The Pallava script was developed in southern India during the Pallava dynasty, (ca. 3rd-5th century AD) The Pallava script was based on the Brahmi script and consists of a matched set of symbols for consonants, as well as ways to write consonant clusters.
At first the script was used to write Sanskrit, varieties of Prakrit, including Pali, and a number of other languages. Later it became popular for religious and politcal inscriptions on stone monuments and for 500 years it was used in this way, with alterations and adaptations, to write most of the languages of Southeast Asia.
Many other scripts developed from, or were influenced by Pallava, including Telugu, Kannada, Tamil, Malayalam, Sinhala, Burmese, Khmer, Lanna, Thai, Lao, Cham, Javanese, Balinese, Buginese and Sundanese.
The script is also known as Southern Gupta Brahmi, proto-Kannada, Tamil Grantham, and by a number of other names.
The letter forms shown are based on inscriptions from the 7th century AD.
This text comes from India and dates from the 3rd century AD.
Information and images compiled by Ian James:
Information about Pallava alphabet, language and people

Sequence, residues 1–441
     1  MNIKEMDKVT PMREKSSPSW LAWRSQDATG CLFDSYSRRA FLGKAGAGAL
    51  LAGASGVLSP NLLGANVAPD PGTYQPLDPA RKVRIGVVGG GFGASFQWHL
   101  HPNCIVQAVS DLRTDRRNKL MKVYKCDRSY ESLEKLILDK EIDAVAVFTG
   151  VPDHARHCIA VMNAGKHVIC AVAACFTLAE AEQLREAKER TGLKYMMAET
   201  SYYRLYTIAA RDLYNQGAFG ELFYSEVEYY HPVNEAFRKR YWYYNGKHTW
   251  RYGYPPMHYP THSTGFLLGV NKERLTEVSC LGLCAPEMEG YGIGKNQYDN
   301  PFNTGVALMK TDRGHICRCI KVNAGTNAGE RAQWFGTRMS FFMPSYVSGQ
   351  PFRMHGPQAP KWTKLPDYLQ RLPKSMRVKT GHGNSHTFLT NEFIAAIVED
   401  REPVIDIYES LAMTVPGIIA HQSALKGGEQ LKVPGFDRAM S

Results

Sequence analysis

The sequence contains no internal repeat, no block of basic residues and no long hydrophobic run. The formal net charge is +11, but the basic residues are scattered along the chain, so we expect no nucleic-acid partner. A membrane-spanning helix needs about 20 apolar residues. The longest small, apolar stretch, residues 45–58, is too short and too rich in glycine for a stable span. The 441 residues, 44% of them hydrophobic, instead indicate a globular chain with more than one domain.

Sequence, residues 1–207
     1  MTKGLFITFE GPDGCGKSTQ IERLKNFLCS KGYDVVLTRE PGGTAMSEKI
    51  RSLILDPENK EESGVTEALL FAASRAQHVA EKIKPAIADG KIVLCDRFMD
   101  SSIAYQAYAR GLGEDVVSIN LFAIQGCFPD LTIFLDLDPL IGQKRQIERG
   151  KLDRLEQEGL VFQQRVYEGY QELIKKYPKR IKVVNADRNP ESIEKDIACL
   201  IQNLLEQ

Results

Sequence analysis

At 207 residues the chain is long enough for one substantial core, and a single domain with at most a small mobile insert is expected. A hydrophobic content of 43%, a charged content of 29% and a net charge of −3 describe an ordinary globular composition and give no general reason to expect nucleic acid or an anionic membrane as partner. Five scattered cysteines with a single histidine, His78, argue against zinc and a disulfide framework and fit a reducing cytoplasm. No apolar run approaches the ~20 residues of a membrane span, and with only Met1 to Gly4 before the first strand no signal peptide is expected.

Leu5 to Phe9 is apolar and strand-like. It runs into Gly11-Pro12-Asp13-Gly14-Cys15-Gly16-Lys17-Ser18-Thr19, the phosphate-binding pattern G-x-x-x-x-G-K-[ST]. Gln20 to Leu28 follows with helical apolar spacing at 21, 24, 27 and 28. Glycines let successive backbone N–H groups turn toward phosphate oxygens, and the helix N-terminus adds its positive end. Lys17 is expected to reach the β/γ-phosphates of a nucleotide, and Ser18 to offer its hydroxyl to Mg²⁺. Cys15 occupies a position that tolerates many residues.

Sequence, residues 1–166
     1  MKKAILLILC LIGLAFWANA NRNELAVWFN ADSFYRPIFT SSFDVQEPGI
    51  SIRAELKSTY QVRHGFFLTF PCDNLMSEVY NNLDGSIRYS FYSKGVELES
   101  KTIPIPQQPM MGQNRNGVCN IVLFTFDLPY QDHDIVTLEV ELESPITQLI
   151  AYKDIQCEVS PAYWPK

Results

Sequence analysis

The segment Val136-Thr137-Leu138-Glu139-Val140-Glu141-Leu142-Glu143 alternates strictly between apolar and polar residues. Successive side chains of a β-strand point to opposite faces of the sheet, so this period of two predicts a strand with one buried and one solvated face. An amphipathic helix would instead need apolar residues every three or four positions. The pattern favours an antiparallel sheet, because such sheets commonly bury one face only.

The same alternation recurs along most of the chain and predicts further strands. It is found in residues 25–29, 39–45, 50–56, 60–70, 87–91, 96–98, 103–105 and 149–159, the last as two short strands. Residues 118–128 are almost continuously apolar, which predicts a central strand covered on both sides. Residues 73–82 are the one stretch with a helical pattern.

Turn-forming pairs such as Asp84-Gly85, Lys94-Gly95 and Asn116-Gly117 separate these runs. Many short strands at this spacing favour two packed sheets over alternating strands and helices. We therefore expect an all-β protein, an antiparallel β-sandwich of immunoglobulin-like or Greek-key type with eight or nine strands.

Ahom, Badaga, Balinese, Batak, Baybayin (Tagalog), Bengali, Bilang-bilang, Bima, Blackfoot, Brahmi, Buhid, Burmese, Carrier, Chakma, Cham, Cree, Dehong Dai, Devanagari, Ditema, Dives Akuru, Dogra, Ethiopic, Evēla Akuru, Fraser, Gond, Goykanadi, Grantha, Gujarati, Gunjala Gondi, Gupta, Gurmukhi, Hanifi, Hanuno'o, Ibalnan, Inuktitut, Javanese, Jenticha, Kaithi, Kadamba, Kannada, Kawi, Kerinci, Kharosthi, Khema, Khe Phri, Khmer, Khojki, Kulitan, Lampung, Lanna, Lao, Lepcha, Limbu, Lontara/Makasar, Lota Ende, Magar Akkha, Malayalam, Manpuri, Meroïtic, Masarm Gondi, Modi, Mon, Mongolian Horizontal Square Script, Nandinagari, Newa, Ojibwe, Odia, Pahawh Hmong, Pallava, Phags-pa, Ranjana, Redjang, Sasak, Savara, Satera Jontal, Shan, Sharda, Siddham, Sindhi, Sinhala, Sorang Sompeng, Sourashtra, Soyombo, Sundanese, Syloti Nagri, Tagbanwa, Takri, Tamil, Thaana, Telugu, Thai, Tibetan, Tigalari (Tulu), Tikamuli, Tocharian, Tolong Siki, Varang Kshiti
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